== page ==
Proteas

Cricket SA hearings: Ex-selector claims AB de Villiers fought Khaya Zondo's 2015 Proteas selection: 'He wasn't happy'

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AB de Villiers would 'love' to make Proteas comeback.
AB de Villiers would 'love' to make Proteas comeback.
  • AB de Villiers' role in preventing Khaya Zondo from playing for South Africa in India in 2015 was thrust back into the spotlight during Hussein Manack's SJN testimony.
  • The former Proteas selector alleged that De Villiers was not happy with Zondo's possible inclusion for the fifth ODI in Mumbai.
  • David Miller, despite being in poor form, was picked for the decider ahead of Zondo after De Villiers met with then-CEO Haroon Lorgat.

Former Proteas batter and captain AB de Villiers' role in preventing Khaya Zondo from playing for South Africa in India in 2015 was thrust back into the spotlight during Hussein Manack's testimony at the Social Justice and Nation-building (SJN) hearings on Thursday.

Manack, a former Gauteng and Easterns all-rounder, was a national selector at the time under then-chief selector Linda Zondi's leadership.

In his testimony on Thursday, Manack alleged under oath that De Villiers, who was the limited-overs captain, was not happy with Zondo's possible inclusion for the fifth ODI in Mumbai.

READ | Cricket SA invites accused to reply to racism allegations at transformation hearings

The five-match series was tied at 2-2 with David Miller's form - he had scored 13, 0, 33 and 6 in the first four ODIs - had seen his place in the match-day XI for the decider come under pressure.

Manack said Dean Elgar's inclusion in the squad and subsequent appearance in the 214-run series clincher was based on replacing the injured JP Duminy, while Miller's place was under scrutiny to a point where he was pushed up to open in the third ODI in Rajkot, which South Africa won by 18 runs.

Manack said he didn't have an issue with Elgar replacing Duminy, but added that De Villiers' firm diffidence in not having Zondo in the team for the deciding ODI led to a meeting with Cricket South Africa's CEO Haroon Lorgat.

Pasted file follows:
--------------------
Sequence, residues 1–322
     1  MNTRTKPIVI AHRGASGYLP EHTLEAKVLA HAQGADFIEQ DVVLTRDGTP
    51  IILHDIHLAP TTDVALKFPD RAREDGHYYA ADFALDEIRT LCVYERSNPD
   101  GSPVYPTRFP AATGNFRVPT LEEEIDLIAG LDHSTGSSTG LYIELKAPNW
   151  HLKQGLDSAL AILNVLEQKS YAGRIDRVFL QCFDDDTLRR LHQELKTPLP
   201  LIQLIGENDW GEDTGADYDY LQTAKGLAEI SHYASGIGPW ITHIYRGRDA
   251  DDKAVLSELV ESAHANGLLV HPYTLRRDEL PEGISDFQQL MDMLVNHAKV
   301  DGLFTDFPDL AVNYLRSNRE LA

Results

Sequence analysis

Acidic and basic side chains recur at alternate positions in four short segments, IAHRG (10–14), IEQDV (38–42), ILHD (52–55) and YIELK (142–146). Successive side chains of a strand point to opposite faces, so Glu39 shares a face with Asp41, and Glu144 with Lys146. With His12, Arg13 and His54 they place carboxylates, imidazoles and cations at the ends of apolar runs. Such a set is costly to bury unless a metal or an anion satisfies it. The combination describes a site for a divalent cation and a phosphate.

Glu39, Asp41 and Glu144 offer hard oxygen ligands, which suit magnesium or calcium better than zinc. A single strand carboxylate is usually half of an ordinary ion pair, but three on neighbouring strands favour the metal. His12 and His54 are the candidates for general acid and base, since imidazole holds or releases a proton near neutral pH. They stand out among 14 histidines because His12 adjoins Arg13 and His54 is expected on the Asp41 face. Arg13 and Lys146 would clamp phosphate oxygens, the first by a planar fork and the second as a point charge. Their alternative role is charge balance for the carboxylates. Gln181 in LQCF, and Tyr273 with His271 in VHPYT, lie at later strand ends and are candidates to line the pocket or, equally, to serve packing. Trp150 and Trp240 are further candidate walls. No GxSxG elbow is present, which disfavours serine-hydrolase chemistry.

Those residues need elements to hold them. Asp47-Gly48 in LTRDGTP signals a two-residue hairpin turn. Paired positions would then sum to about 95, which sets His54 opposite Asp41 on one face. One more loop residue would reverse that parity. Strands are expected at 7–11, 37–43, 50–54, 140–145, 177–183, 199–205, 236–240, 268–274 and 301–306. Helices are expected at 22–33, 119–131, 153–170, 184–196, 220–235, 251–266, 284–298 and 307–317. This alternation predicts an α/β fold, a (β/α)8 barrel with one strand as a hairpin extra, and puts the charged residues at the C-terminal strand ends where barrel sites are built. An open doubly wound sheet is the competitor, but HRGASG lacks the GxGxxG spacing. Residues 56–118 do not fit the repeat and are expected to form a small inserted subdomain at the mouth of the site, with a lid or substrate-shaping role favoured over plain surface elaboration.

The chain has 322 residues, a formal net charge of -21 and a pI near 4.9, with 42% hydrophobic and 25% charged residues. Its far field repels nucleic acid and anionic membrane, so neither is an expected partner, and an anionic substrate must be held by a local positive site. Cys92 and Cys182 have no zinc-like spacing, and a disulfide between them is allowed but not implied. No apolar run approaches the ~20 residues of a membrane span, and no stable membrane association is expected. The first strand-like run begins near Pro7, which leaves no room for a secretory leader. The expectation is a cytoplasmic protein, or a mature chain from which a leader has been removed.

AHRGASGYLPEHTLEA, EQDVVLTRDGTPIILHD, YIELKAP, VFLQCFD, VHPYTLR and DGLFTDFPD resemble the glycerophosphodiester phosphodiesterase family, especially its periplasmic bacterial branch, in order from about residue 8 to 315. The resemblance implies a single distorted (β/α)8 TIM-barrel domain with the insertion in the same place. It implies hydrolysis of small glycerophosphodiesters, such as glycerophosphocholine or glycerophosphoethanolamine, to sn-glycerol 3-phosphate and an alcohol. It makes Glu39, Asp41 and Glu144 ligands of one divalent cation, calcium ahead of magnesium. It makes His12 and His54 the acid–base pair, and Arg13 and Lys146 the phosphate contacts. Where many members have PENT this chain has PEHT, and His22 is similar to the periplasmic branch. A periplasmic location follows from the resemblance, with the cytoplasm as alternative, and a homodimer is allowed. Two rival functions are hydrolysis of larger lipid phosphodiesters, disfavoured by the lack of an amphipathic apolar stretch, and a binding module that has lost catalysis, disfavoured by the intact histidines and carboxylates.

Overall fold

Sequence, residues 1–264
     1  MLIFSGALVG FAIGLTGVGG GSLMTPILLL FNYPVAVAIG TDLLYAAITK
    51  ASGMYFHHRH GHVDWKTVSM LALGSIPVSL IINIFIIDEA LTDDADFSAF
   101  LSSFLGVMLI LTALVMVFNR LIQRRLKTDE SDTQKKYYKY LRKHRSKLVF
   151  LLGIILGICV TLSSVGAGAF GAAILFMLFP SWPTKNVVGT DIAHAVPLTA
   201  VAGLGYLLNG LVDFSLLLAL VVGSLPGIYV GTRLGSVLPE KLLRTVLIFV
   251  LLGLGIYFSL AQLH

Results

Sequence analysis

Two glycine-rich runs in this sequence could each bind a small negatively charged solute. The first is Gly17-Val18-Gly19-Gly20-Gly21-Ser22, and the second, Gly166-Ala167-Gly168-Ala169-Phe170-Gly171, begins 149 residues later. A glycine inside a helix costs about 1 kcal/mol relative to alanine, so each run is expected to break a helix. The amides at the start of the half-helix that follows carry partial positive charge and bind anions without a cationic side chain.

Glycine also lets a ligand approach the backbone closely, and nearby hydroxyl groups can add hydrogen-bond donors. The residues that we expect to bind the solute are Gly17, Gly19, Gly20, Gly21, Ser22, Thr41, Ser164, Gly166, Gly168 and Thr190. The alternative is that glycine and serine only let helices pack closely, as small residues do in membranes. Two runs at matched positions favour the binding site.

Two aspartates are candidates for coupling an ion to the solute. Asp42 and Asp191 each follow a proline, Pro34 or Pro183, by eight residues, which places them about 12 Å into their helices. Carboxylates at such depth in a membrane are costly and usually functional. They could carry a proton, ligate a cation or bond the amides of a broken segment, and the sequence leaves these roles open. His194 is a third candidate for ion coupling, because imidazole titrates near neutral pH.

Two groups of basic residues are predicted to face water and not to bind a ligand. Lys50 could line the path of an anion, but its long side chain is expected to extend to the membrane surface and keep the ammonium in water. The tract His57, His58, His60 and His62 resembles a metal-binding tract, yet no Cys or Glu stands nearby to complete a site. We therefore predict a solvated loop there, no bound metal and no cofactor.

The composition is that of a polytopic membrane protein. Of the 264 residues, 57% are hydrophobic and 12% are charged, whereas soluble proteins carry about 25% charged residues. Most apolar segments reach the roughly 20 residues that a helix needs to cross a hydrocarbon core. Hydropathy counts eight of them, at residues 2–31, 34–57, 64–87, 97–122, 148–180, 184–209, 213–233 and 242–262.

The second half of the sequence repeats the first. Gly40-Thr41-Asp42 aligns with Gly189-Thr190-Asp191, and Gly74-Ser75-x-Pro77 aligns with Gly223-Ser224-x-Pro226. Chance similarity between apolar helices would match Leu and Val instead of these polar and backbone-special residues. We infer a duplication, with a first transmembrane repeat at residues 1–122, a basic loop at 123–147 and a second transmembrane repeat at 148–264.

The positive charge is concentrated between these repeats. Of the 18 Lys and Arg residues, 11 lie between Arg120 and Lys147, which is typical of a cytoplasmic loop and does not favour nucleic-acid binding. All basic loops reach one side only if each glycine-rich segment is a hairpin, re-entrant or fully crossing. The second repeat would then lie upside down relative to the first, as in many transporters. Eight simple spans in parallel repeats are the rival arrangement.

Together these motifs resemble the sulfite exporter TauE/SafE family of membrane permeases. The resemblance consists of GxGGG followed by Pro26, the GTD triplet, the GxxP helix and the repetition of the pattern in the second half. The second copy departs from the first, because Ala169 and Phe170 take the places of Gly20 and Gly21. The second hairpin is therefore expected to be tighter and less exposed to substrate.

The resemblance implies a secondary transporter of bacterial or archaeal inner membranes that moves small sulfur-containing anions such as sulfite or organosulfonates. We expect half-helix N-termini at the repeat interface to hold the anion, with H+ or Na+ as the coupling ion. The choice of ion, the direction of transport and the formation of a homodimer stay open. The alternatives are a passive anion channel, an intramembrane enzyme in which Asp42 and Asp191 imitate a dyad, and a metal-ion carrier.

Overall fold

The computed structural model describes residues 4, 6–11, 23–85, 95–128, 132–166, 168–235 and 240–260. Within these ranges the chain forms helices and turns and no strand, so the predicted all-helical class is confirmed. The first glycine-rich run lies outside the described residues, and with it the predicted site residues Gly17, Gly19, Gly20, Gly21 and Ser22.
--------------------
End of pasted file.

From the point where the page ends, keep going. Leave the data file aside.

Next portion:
"I felt David Miller needed to be dropped, and if Khaya was the backup batter, we needed to play him. The coach and captain were not happy with me," Manack said.

"We had a discussion, and I got back to the selectors and said 'do we play Khaya or not?'

"There was some disagreement, but the majority of the decision was that Khaya should play.

"I got back to the captain, told him I discussed with the selectors and Khaya should play. The captain was not happy.

"An hour or two later, I got a call from the CEO, and he said he just received a call from the captain who said he is not happy with the team.

"I went to the CEO's room, and I got the distinct impression that the captain was very unhappy to the extent that, reading between the lines, that I thought there was going to be some sort of fall out if he didn't get his team.

"I got a distinct impression that the captain wanted his team. I thought he was going to pull out of the team, threatening not to play. The words were not said, but that's the impression I got."

Sport24 reached out to De Villiers’ representative Ed Griffiths for the former Proteas skippers’ response, who hadn’t replied to messages by the time of publication.